How To Clean Hardwood Floors

Hardwood floors add value and natural beauty to any space. Discover how to clean hardwood floors to keep them in good shape for decades.

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While hardwood floors are beautiful, clean wood floors are exceptional.

Here is a super simple, budget-friendly guide on how to clean hardwood floors.

Hardwood Floor Cleaning Process


Step 1: Clean out the floor

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Take off all removable items from your hardwood floors, including rugs, chairs, tables, and other furniture. (If you don’t have pads for the feet of your furniture,  get some so your furniture doesn’t scratch your hardwood floors.)

Wash your furniture legs and feet as appropriate, so when your floors are clean, you’re not dragging dirt back onto them.

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If you have floor-length curtains near your hardwood floors,  drape them over the curtain rod, so they don’t drag or become dirty as you clean.


Step 2: Sweep the floor

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Some people jump right into dust mopping or vacuuming the floor, but I like to sweep it with a broom to collect large particles first.


Step 3: Dry mop the floor.

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Working with the grain as much as is practical, dry mop (or vacuum) to collect remaining dust, debris, and other particles that sweeping may have missed. 


Step 4: Make a mopping solution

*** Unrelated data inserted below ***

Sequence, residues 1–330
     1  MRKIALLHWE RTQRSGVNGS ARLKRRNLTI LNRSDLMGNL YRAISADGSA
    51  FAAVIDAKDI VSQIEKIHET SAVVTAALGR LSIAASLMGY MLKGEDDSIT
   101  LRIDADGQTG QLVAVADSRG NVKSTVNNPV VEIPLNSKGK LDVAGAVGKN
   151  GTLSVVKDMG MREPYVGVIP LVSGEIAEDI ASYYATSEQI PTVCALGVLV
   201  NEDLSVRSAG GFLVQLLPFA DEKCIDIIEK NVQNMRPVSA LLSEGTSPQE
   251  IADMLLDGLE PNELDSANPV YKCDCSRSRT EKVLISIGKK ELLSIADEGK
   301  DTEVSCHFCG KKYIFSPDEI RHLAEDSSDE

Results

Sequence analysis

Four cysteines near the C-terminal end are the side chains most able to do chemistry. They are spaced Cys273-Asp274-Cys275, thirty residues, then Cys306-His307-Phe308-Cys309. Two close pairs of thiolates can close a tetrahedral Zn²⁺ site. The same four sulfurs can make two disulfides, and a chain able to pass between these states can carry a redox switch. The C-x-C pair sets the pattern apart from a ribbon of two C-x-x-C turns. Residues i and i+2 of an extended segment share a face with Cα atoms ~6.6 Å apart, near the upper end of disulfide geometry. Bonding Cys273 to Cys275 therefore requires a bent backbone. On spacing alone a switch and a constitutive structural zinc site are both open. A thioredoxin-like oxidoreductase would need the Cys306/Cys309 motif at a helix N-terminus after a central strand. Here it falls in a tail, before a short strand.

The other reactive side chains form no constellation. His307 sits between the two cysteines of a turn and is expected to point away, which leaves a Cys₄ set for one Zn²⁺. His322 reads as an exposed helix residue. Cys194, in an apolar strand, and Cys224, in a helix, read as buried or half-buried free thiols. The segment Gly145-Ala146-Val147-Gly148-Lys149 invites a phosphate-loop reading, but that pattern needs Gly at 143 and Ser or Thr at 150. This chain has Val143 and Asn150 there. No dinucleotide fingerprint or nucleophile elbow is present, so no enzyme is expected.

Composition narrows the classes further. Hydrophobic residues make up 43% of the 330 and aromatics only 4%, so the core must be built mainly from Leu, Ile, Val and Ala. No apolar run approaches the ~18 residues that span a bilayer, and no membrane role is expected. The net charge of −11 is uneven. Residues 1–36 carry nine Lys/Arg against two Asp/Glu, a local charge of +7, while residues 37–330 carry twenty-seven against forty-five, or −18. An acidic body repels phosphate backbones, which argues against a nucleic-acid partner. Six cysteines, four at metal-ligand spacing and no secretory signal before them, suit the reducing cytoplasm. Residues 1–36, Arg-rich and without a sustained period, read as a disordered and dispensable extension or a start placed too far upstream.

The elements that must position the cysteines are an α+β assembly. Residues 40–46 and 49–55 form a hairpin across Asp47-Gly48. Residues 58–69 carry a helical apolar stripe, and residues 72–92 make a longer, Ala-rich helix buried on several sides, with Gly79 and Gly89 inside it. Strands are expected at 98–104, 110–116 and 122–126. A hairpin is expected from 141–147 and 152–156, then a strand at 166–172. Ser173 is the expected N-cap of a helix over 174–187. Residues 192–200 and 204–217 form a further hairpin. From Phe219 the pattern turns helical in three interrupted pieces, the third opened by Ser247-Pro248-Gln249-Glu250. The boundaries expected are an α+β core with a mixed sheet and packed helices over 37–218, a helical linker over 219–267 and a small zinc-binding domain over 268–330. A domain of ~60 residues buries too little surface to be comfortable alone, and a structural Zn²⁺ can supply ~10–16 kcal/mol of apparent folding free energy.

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Fill your kitchen sink a third or halfway with hot water, and add a few drops of dish detergent. Dish soap is a gentle pH-neutral cleaning agent, making it ideal for cleaning hardwood floors that harsh products could otherwise harm.

Related: Best Laminate Floor Cleaners and DIY Homemade Floor Cleaner

This method is recommended for hardwood floors with a polyurethane sealer. Don’t use water on lacquered or shellacked wood floors. It can stain the wood and cause buckling.

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After dust mopping the smaller particles, you’ll be able to see spots and stains on the hardwood floor. For example, these spots in this photo became apparent after moving the furniture, sweeping, and dry mopping.

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Step 5: Soak any hardened spots.

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Tip: If you’re working on removing hard spots, be careful not to remove the topcoat of the floor.

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Soak a soft rag (an old dish towel works great) in your soapy water, wring it out until damp, and then press the wet rag onto the hardened spot. Leave the rag there while you move on to Step 6.


Step 6: Mop the hardwood floor.

Soak your mop pad in the soapy water, then wring it out until damp.

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Starting at the farthest corner of your hardwood floor, mop going with the grain. Rinse, soak, and wring your mop every 10-15 square feet or whatever seems suitable for your floor. Make sure you’re absorbing dirt and not moving grime around.

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When you get close to the soaking spot, remove the wet rag and wipe the remaining residue before mopping. 

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Let the hardwood floor dry. It will dry much more matte than it looks when it’s wet.

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Once the floor is dry, buff it in circular motions with a clean, soft cloth or terry towel. Cloth diapers also work well for buffing hardwood floors because they are absorbent, gentle, and pick up residual moisture.

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The result of this cleaning a hardwood floor method is a clean, matte wood floor that doesn’t involve waxes or top oil coats.